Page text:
Best Data Source for Customer Analytics: Location Intelligence
September 22, 2021
As businesses continue to navigate how to reach customers in a post-COVID world, it can be difficult to gain back consumer confidence. Consumers are adjusting to new routines. Many have adjusted their shopping habits as a result of the coronavirus pandemic. More consumers are shopping online, ordering food delivery, and delaying major purchases. According to a Coresight Research survey, 47.4% of consumers plan on keeping these new habits in the long term. So, how do marketers learn what new habits their customers have picked up and stay on top of consumer behavior trends? They’ll need to invest in customer data analytics.
What is Customer Data Analytics?
Customer analytics is the analysis of customer data to make better business decisions. Companies who use customer analytics have seen significant results. A McKinsey survey indicates that customer analytics improves overall company performance including ROI, sales, profit, and KPIs, which allows them to outperform their competition. There are three different types of customer analytics: descriptive analytics, predictive analytics, and perspective analytics. When choosing which type of customer analysis to conduct, it’s important to consider the company’s customer strategy goals.
Before getting started, marketers need to understand the goals of their customer data analysis. Once goals are determined, then the team must identify what type of customer data to analyze. Data collected from surveys and census data doesn’t provide a full picture of who customers are and their preferences. By enriching customer data with location intelligence, businesses can get insight into the new customer journey.
How to Enrich Customer Data Analytics with Location Intelligence
1. Segment Customers by Location
Customer segmentation is one of the most effective ways to ensure businesses are reaching the right customers. By dividing customers into segments based on location, marketers can tailor the messaging of their campaigns towards the region, city, or town, known as marketing localization. Marketing localization allows companies to increase their brand awareness and create a better customer experience. Localization isn’t just about adjusting the messaging language; it also includes understanding what products or services appeal to consumers living within a particular location. Take, for example, a resort specializing in outdoor activities that wants to run two separate marketing campaigns: weekend getaway deals for local residents and out-of-state tourists living in the adjacent state. The resort can segment out their customer data into those two different groups based on location, increasing the chances of reaching potential customers who would be interested in those deals.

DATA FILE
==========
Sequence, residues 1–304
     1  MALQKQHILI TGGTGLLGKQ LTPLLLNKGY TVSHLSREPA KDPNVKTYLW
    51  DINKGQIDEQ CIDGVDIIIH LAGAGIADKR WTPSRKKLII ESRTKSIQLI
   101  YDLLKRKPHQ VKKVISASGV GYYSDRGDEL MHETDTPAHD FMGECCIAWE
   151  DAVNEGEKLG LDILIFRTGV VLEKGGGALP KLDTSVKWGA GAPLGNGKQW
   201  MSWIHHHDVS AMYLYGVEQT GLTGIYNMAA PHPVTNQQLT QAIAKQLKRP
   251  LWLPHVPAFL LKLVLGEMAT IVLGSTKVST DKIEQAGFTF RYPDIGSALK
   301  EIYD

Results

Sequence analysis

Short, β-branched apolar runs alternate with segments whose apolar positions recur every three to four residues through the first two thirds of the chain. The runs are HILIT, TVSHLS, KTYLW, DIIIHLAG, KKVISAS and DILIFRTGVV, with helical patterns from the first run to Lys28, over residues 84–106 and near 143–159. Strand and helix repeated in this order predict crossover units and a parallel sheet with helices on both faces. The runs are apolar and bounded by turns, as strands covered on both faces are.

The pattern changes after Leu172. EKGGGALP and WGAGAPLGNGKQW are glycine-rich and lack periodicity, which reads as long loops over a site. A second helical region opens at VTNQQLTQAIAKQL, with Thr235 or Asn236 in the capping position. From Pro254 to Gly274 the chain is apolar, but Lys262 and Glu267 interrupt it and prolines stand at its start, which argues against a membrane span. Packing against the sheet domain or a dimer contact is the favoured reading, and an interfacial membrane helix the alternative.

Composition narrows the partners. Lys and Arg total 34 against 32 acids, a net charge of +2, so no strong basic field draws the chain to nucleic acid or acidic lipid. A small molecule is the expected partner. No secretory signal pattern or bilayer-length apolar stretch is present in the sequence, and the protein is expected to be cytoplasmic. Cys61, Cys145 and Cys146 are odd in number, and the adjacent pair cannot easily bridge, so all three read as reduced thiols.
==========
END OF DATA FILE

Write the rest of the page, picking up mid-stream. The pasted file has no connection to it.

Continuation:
2. Improve Personalized Messaging
Insights from location intelligence can also be used to inform personalization. Our hypothetical resort, for example, found value in segmenting customers by region, but they also need to consider personalization at the individual level with advanced audience targeting. Do their local customers often visit sports shops or retailers who specialize in camping equipment? Are their customers who live in the adjacent state more likely to go to spas or salons? Based on this information, the resort’s marketing team is able to target their local campaign to consumers who visit local camping or sports shops rather than spas or salons.
3. Identify Emerging Customer Trends
Customer data analytics is vital for marketing teams looking to keep up with the emerging customer trends. When analysts enrich customer data with location intelligence, they are able to correlate foot traffic data with sales or other trends to see changes over time. This insight allows marketers to know how customer behavior has changed and adapt their products or services to those trends. In the case of the resort, the marketing team can use insights from location intelligence to see how their customer behavior has changed. They might find that their out-of-town customers used to frequently go to salons or spas, but now they are visiting beauty supply stores more often. This can indicate to the resort that their out-of-state customers are now taking their spa days in the comfort of their own homes. They can adjust the campaign messaging to let those customers know that they get a special in-room spa kit as part of their vacation package.
4. Compare Differences in Customer Behavior
A customer data analysis done with location intelligence allows businesses to compare differences in consumer behavior at their own locations (or even their competition’s locations). Foot traffic patterns can be compared to see which locations are getting the most business or how long customers spend time at each location (also known as dwell time). Customer data can also be enriched with buyer personas.
Let’s say the resort has two different locations and is looking to understand where customers go before their stay in order to inform their room services. They might observe that customers who stay at resort A are more likely to go to speciality grocery stores than those who stay at resort B. This allows the marketing team to know that they should consider partnering with the speciality store to provide their guests with contactless grocery delivery.
Customer Data Analytics with Location Intelligence
Consumer data enrichment is worth investing in, especially in the age of digital adoption and transformation. Predicting customer behavior has become an immense challenge in a post-pandemic world, but quality customer data can provide analysts with the information they need to predict future trends. With location intelligence, businesses can understand their customers better and improve the customer experience.